Before writing this I spoke to friends who had either had conservatories or extensions built. Some said they had no problems what so ever, yet a few people I have been chatting to online have had many problems. Some even, (as I said above) have had local authorites come to inspect the property and have found it didn't meet certain building regulations and therefore have had to pull down the construction. So like I say it is imperitive that you make sure everything is in perfect order before starting.

Make the construction of your house the dream that is supposed to be. Your new home will reward you with a lifetime of memories.

Tuesday, 21 June 2011

Is it just me or is Firefox a waste of time?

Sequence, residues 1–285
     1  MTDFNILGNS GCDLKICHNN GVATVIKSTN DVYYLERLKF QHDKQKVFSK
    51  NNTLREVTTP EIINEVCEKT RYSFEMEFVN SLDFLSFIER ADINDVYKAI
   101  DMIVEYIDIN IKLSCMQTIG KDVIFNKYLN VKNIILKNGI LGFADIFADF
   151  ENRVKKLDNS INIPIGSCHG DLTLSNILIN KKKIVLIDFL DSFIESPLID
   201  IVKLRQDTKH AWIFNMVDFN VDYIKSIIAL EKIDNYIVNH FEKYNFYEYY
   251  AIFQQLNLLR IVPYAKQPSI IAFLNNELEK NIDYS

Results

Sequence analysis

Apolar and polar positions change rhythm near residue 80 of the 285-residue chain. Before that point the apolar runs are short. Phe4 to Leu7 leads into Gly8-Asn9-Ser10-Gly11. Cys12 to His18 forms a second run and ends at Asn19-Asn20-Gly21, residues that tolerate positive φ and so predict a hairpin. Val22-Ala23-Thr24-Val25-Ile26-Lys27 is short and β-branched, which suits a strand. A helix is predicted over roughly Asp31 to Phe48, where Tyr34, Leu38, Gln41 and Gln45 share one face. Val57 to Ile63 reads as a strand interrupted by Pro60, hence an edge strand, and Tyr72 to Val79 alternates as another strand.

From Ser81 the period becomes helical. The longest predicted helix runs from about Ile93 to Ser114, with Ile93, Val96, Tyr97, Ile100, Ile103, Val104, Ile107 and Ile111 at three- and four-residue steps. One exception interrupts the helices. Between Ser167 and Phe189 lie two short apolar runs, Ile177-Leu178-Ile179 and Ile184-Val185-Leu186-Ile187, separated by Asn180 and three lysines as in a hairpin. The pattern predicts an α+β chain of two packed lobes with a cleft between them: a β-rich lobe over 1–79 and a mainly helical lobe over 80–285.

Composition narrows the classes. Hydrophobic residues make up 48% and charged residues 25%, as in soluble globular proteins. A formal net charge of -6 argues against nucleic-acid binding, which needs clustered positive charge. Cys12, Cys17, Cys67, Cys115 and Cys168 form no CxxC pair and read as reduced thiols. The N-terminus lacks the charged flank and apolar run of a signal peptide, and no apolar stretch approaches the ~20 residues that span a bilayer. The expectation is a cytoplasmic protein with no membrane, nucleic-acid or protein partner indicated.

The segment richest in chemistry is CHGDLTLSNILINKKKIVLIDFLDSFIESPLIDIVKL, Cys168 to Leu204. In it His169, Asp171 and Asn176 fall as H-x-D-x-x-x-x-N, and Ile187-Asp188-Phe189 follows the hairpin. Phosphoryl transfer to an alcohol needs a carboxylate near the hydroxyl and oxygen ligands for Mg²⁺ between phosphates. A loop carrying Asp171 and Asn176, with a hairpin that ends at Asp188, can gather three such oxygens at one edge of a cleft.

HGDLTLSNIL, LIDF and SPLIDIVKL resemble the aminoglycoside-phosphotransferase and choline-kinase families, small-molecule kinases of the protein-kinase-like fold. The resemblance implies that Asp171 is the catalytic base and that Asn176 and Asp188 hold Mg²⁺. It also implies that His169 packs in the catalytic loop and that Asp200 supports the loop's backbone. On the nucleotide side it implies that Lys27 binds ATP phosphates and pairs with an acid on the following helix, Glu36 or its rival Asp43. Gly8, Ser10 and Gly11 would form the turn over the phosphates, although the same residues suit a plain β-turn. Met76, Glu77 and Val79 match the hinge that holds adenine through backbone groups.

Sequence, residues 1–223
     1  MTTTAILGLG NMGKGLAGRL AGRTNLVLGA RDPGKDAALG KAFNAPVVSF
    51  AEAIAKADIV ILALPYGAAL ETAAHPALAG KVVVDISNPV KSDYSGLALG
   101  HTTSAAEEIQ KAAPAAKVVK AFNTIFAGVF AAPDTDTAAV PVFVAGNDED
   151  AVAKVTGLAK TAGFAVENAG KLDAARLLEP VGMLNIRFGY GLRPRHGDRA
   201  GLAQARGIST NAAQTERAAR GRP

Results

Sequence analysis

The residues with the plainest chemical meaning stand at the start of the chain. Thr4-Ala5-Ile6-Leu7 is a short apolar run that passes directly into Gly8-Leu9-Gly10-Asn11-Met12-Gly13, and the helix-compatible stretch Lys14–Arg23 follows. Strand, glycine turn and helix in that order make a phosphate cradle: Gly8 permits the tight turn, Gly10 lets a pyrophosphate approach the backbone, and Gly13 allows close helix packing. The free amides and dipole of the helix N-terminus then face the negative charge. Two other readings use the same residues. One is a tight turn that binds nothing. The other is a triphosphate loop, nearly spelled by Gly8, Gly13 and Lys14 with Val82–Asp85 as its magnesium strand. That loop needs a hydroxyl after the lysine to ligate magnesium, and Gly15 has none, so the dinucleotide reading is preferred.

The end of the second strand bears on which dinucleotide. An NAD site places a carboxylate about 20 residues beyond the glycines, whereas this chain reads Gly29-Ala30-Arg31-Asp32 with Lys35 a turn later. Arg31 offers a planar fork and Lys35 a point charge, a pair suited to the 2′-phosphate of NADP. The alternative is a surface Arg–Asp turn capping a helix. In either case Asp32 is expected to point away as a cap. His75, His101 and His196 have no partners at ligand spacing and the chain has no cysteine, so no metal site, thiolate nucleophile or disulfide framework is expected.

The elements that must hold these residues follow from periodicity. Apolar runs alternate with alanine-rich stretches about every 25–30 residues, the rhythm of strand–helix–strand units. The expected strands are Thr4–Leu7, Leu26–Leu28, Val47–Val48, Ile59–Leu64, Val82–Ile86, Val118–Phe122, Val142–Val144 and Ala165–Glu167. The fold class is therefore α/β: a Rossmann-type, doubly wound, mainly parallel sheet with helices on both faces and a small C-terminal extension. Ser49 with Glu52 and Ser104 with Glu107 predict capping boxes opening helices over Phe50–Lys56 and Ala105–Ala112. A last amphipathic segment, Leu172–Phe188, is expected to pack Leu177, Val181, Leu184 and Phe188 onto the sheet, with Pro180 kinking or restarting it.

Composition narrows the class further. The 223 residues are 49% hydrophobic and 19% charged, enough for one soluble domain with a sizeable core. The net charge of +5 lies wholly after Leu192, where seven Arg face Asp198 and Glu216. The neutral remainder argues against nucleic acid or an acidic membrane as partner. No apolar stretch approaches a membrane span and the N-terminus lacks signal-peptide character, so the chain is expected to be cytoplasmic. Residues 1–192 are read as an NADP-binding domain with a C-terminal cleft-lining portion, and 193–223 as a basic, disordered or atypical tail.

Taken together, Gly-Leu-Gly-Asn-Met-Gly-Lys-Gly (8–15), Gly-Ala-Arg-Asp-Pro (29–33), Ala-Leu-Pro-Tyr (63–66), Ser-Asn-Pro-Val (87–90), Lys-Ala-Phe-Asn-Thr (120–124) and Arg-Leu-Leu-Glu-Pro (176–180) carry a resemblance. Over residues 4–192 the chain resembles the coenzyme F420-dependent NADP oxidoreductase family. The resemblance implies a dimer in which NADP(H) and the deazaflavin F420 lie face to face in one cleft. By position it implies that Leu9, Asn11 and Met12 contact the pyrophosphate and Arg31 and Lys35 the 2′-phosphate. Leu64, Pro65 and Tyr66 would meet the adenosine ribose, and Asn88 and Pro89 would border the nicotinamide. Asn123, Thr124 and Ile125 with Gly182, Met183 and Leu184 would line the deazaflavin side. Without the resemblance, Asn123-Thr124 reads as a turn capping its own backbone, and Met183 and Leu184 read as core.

I'm not sure if its just me who dislikes Mozilla Firefox but just lately it has been running terrible. I have been reverting back to using good old Explorer. It seems that every time I try to do some work on my current project of building regulations for conservatories it just doesn't seem to want to play ball.

If its not coming up with the error "Problem Loading Page" it is just deciding to freeze! Either way it is getting very testing on my patience. You would think with today's technology that the designers would be able to come up with a program with no errors or problems....or is it me just being too hopeful?

Either way I would like to see if anyone else is having problems with it or even just peoples opinions. Well enough of me moaning now....rant over!!!

Monday, 20 June 2011

Building Regulations and Home Extensions